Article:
• 58,423 Thanks
    Thrugelmir
    There have been dire warnings about bonds for a while now but my bonds fund went up 13% last year .
    Originally posted by Albermarle
    Reminds me of an investment quote.

    "Know what you own, and know why you own it"
    “Risk comes from not knowing what you are doing. – Warren Buffett”
    • Mordko
    • By Mordko 15th Jan 20, 11:18 PM
    • 887 Posts
    • 658 Thanks
    Mordko
    1. 60/40 and increasing fixed income over time is a good rule of thumb.

    2. What is “risky” depends on the specific risk. Even within an asset class there are major variations in how they respond to a particular risk. For example TIPS do great in an inflationary climate. Other Long term bonds get devastated by unexpected inflation.

    3. Wouldn’t say that “stocks are risky and bonds are not”. In general, bonds are better for dealing with short term risks. Stocks are better for handling long term risks.

    4. Some people here seem to know for a fact that bonds will lose value. That’s BS.

    5. We’ve had a 40 year secular bull in bonds and a 10 year bull market in stocks. Will they end? For sure. When? No idea.

    6. Neither gold nor property replace fixed income. Both have much higher short term volatility. Property is positively correlated to equity but less liquid. Gold provides zero real return long term.
    • Mordko
    • By Mordko 16th Jan 20, 12:32 AM
    • 887 Posts
    • 658 Thanks
    Mordko
    One last point... Salary/pension = fixed income. A lot of people ignore that and have too much FI as a result.
    • Apodemus
    • By Apodemus 16th Jan 20, 6:38 AM
    • 1,566 Posts
    • 1,339 Thanks
    Apodemus
    On the cusp of retirement (and with old-fashioned views on investments), my spreadsheet currently has me making a final transfer into my SIPP and using that to construct a ladder of short-dated Gilts to give five-years equivalent of the natural yield on the rest of the SIPP portfolio (plus 2.5% increase each year). The plan is to use the yield to keep buying the forward Gilts and use the gilt redemptions (at term) as the annual income from the SIPP. I am hoping that this gives me sufficient hedge against a sequence of returns risk. The Gilts total will form about 10% of total SIPP value.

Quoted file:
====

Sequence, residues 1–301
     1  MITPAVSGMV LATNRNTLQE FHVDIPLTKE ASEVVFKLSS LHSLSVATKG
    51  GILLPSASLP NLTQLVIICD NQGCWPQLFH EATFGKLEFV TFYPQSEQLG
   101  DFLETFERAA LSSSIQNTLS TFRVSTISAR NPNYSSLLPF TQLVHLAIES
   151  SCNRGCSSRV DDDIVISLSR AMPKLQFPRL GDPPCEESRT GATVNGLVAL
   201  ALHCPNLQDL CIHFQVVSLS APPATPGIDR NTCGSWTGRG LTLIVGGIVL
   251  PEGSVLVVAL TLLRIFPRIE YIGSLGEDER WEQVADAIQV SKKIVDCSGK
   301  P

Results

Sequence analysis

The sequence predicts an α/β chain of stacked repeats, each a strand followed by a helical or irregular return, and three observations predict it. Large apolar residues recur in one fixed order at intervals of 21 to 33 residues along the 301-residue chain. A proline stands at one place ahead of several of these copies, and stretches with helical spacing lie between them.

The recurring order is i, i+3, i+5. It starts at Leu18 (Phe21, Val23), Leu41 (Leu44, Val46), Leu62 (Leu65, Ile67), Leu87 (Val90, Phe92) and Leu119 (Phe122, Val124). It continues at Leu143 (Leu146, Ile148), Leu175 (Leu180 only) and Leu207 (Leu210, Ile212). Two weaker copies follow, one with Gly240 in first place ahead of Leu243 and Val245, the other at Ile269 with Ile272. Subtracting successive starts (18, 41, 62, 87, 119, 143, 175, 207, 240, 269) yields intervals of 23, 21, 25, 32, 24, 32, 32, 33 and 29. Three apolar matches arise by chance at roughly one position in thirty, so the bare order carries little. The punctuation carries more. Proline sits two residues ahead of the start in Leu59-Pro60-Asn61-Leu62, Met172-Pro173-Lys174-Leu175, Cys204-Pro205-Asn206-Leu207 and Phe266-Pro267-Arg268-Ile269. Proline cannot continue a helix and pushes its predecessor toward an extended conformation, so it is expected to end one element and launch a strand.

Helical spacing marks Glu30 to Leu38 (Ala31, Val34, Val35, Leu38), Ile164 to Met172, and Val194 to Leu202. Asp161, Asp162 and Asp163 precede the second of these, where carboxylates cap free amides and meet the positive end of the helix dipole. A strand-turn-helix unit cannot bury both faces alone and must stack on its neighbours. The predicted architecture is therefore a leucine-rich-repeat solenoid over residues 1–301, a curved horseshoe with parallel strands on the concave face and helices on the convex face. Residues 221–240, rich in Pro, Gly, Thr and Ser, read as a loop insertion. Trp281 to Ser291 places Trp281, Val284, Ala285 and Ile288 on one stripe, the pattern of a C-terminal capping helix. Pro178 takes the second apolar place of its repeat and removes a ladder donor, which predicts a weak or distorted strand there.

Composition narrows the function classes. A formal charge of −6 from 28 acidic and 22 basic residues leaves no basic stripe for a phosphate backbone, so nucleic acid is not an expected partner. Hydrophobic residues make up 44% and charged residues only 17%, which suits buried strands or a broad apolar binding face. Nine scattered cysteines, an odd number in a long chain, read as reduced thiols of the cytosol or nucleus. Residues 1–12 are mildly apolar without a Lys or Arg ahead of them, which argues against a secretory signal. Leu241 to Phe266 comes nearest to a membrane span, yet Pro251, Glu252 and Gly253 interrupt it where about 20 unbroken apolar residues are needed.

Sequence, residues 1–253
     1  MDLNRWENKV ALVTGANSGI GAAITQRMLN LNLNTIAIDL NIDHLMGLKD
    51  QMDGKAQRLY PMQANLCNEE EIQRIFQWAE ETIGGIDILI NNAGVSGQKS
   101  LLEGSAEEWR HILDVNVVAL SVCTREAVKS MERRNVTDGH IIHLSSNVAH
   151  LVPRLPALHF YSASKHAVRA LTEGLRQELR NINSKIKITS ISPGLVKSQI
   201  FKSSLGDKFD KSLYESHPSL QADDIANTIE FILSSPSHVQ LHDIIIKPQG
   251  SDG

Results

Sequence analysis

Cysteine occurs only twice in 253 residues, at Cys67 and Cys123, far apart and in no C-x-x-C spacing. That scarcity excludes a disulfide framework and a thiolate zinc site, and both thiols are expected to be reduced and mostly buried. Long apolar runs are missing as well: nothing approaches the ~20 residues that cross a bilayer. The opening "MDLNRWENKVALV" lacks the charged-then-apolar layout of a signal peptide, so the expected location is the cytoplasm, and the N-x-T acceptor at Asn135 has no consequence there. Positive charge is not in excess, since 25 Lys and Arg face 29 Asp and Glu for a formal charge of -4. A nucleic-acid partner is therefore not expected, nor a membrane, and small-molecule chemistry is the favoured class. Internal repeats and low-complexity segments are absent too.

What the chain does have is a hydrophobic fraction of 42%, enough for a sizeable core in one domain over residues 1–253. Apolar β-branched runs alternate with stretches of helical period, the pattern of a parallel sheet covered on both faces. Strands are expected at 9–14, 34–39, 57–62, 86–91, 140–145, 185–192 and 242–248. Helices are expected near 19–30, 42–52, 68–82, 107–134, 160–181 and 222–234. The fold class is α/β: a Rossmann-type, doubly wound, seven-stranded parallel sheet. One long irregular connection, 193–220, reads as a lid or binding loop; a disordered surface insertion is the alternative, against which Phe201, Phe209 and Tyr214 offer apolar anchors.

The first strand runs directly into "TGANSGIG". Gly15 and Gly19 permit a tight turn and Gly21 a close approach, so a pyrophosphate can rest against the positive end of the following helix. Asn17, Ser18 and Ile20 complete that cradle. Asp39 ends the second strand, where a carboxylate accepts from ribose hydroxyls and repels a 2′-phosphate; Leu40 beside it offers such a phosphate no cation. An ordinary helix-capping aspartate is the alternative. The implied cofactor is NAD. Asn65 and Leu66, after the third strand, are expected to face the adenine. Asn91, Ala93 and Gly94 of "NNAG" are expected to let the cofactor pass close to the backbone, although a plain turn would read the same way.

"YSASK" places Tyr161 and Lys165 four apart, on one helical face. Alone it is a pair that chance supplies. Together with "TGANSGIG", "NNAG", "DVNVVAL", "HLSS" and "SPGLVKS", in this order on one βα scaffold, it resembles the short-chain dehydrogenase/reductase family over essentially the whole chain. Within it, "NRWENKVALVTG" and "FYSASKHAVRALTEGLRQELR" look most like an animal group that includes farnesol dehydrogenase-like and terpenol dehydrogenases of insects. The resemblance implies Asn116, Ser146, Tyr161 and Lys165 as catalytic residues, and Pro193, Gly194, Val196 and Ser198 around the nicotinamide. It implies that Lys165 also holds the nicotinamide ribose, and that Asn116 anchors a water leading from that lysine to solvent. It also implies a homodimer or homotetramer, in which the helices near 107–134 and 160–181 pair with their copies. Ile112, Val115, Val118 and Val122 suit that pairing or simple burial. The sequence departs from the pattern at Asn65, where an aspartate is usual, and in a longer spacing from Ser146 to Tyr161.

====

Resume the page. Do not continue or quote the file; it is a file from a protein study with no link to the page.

I guess I could simply retain cash in the SIPP or withdraw it early and keep it elsewhere at a higher rate of interest. But (at least on paper) i’m currently minded to go for the Gilts.
    • Linton
    • By Linton 16th Jan 20, 9:32 AM
    • 11,753 Posts
    • 12,227 Thanks
    Linton
    With continuing low interest rates, could it be that it will be harder and harder for bond funds to acquire good quality bonds with a decent coupon? Surely all the decent long dated bonds have now been bought up by the likes of pension schemes or bond funds? If a company were floating a bond issue now, its rate would surely be much lower than one issued 10 years ago or more?

    Essentially,are we heading toward a shortage of decent bonds and therefor fund prices are getting more and more expensive to buy into to get that return? Dare i say,,over priced? Same with gilts i guess?
    Originally posted by C_Mababejive

    Bonds continuously change in price so that the current returns for the same time period to maturity are equivalent and independent of the coupon (stated rate of return for a £100 bond).. So for example a £100 gilt paying £4 every year for the next 40 years will cost you £195. The market ensures that there is not a shortage.
    • waveydavey48
    • By waveydavey48 16th Jan 20, 9:56 AM
    • 73 Posts
    • 99 Thanks
    waveydavey48
    I've followed Lars Kroijer's view that in the long run you won't go far wrong with a mix of equities which track the market and bonds provided you are widely diversified and the mix reflects your risk profile.

    Do many forum members now think he's wrong?
    • Linton
    • By Linton 16th Jan 20, 9:57 AM
    • 11,753 Posts
    • 12,227 Thanks
    Linton